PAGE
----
The present invention also provides an apparatus for attachment to a rotatable spindle for forming a friction stir weld joint. In one embodiment, according to the present invention, the apparatus includes a friction stir welding tool in rotatable communication with the spindle. The friction stir welding tool defines a cavity. The apparatus includes at least one heater adapted to thermally communicate with the friction stir welding tool to thereby heat the tool and wherein the at least one heater is at least partially received in the cavity of the friction stir welding tool. The at least one heater can include a resistance heating coil, an induction heating coil, a quartz lamp, a gas torch, or a laser. In one embodiment, the at least one heater thermally communicates with the friction stir welding tool through convection, conduction, irradiation or induction. In another embodiment, the apparatus includes a sensor in thermal communication with the friction stir welding tool for measuring the temperature of the friction stir welding tool. In yet another embodiment, the apparatus includes a controller in electrical communication with the sensor and in operable communication with the at least one heater. The controller is configured to automatically modify the heat output of the at least one heater to modify the temperature of the friction stir welding tool.

In another embodiment, the present invention provides an apparatus for friction stir welding at least one structural member, including a machine having a rotatable spindle. A friction stir welding tool is in rotatable communication with the spindle. The apparatus includes at least one heater adapted to thermally communicate with the friction stir welding tool to thereby heat the tool and wherein the at least one heater is structured so as to be electrically insulated from the at least one structural member. The at least one heater can include a resistance heating coil, an induction heating coil, a quartz lamp, a gas torch, or a laser. In one embodiment, the friction stir welding tool defines a cavity adapted to at least partially receive the at least one heater. In another embodiment, the at least one heater is spaced from the friction stir welding tool. In another embodiment, the at least one heater thermally communicates with the friction stir welding tool through convection, conduction, irradiation or induction. In yet another embodiment, the apparatus includes a sensor in thermal communication with the friction stir welding tool for measuring the temperature of the friction stir welding tool. In still another embodiment, the apparatus includes a controller in electrical communication with the sensor and in operable communication with the at least one heater. The controller is configured to automatically modify the heat output of the at least one heater to modify the temperature of the friction stir welding tool.

The present invention also provides a method of forming a friction stir weld joint, including mounting a friction stir welding tool to a rotatable spindle such that the friction stir welding tool rotates with the spindle. The friction stir welding tool is heated with at least one heater to thereby inhibit grain growth in the weld joint. Subsequent to the heating step, the friction stir welding tool is inserted into at least one structural member. The friction stir welding tool is moved through the at least one structural member to form the friction stir weld joint. In one embodiment, the method includes heating the friction stir welding tool concurrently with the inserting step. According to another embodiment, the at least one structural member is precipitation hardened prior to the inserting step. In yet another embodiment, the at least one structural member and friction stir weld joint are solution heat treated at a predetermined temperature schedule subsequent to the moving step. Thereafter, the at least one structural member and friction stir weld joint are precipitation heat treated by aging at a second predetermined temperature schedule. According to another embodiment, the heating step comprises transferring heat to the friction stir welding tool through convection, conduction, irradiation, or induction. In another embodiment, the heating step comprises heating the friction stir welding tool to a temperature between about 600° F. and about 1000° F. In yet another embodiment, the method includes measuring the temperature of the friction stir welding tool. In still another embodiment, the method includes automatically modifying the heat output of the at least one heater to thereby modify the temperature of the friction stir welding tool.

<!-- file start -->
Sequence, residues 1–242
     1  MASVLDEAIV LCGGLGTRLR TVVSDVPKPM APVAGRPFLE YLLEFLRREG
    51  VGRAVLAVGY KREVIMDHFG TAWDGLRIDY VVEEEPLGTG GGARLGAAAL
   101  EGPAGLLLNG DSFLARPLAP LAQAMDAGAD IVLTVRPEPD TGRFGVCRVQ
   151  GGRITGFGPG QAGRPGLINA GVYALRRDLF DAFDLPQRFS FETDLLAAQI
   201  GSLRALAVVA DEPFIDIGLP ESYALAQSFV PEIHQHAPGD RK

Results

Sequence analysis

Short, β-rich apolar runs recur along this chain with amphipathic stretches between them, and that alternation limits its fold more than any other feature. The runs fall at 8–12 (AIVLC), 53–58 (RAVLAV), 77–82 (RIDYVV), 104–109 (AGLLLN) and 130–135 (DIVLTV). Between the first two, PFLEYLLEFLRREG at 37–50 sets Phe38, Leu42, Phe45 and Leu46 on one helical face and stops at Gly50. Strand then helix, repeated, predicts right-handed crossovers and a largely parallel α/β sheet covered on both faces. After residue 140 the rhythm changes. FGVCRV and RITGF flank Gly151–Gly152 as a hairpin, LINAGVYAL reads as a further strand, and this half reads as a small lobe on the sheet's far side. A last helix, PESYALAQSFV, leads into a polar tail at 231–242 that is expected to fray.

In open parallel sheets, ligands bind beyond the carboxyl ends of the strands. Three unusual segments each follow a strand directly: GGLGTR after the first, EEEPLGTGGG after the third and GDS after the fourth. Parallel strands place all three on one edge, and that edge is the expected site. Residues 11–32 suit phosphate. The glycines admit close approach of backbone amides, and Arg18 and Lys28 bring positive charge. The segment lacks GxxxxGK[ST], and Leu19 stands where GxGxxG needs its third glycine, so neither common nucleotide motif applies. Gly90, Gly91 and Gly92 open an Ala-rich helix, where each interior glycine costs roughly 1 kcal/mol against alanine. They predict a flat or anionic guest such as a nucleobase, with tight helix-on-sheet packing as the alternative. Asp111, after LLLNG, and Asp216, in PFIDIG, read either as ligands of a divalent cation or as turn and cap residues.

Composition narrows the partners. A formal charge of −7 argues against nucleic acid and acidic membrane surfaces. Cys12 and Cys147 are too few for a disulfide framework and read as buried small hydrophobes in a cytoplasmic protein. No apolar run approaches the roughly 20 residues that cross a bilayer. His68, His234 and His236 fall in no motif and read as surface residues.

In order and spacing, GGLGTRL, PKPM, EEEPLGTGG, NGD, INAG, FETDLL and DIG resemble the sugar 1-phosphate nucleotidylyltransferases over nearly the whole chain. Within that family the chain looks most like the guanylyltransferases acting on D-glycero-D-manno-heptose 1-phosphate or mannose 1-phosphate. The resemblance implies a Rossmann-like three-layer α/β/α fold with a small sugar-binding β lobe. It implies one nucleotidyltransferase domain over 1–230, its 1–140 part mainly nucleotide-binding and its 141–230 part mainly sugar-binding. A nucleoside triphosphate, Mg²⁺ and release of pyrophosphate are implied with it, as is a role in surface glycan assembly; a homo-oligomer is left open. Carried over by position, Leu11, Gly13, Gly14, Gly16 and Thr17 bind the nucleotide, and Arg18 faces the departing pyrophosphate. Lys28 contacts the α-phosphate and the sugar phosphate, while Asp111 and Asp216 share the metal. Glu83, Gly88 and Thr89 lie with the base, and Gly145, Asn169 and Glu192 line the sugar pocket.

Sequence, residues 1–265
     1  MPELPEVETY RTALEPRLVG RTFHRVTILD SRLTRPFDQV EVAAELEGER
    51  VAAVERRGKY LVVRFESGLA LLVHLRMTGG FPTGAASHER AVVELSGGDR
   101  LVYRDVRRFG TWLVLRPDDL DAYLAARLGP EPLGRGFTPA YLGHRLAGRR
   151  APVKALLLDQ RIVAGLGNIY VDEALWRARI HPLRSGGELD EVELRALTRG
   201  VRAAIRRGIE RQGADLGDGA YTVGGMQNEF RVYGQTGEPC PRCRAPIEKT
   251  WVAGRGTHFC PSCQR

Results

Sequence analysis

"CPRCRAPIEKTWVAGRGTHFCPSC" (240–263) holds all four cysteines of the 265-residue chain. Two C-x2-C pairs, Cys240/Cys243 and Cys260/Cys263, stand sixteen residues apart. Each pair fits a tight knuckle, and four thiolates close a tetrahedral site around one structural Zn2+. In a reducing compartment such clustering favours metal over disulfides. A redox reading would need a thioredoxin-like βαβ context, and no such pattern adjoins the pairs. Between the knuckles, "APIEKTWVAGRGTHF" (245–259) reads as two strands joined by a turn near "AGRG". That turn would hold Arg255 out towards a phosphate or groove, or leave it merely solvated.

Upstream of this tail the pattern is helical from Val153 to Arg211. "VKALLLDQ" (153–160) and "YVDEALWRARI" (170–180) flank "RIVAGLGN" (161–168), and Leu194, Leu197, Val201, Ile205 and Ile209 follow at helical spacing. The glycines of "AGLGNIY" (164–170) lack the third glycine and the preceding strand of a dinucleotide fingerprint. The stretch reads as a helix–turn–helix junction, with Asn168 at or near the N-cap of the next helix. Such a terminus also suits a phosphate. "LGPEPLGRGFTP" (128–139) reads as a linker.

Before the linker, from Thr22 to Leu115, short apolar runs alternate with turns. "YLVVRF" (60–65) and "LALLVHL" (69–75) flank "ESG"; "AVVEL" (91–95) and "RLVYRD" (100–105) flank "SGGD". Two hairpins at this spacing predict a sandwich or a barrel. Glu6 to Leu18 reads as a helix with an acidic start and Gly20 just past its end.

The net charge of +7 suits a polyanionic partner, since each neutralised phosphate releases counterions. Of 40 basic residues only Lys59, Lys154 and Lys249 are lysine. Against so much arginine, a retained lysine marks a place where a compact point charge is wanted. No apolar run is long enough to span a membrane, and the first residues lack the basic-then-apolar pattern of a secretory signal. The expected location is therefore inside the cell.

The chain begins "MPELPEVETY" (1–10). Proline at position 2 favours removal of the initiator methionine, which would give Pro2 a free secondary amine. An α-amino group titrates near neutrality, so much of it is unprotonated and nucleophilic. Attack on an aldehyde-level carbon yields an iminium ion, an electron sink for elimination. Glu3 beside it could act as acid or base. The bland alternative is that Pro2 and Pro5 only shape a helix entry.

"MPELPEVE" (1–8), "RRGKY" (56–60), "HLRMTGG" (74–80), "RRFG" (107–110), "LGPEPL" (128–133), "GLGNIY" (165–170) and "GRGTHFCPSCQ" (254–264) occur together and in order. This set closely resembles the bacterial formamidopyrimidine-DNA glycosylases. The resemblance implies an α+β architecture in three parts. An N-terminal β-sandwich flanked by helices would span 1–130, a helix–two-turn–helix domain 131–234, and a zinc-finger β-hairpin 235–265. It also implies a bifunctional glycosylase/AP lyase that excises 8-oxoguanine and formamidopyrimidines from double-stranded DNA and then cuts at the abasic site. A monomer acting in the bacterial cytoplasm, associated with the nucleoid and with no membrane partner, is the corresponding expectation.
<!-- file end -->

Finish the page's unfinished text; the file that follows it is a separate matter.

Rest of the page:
The present invention also provides a method of manufacturing a structural assembly, including forming a friction stir weld joint in at least one structural member using a rotating friction stir welding tool. The method includes heating the friction stir weld tool prior to and during the forming step with at least one heater to thereby inhibit grain growth in the weld joint. In one embodiment, the forming and heating steps are repeated to thereby join at least one additional structural member to the structural assembly. In another embodiment, the at least one structural member is precipitation hardened at a predetermined temperature schedule prior to the forming step. In still another embodiment, the structural assembly is solution heat treated at a predetermined temperature schedule subsequent to the forming step. Thereafter, the structural assembly is precipitation heat treated by aging at a second predetermined temperature schedule. According to another embodiment, the heating step comprises transferring heat to the friction stir welding tool through convection, conduction, irradiation, or induction. In another embodiment, the heating step comprises heating the friction stir welding tool to a temperature between about 600° F. and about 1000° F. In yet another embodiment, the method includes measuring the temperature of the friction stir welding tool. In still another embodiment, the method includes automatically modifying the heat output of the at least one heater to thereby modify the temperature of the friction stir welding tool.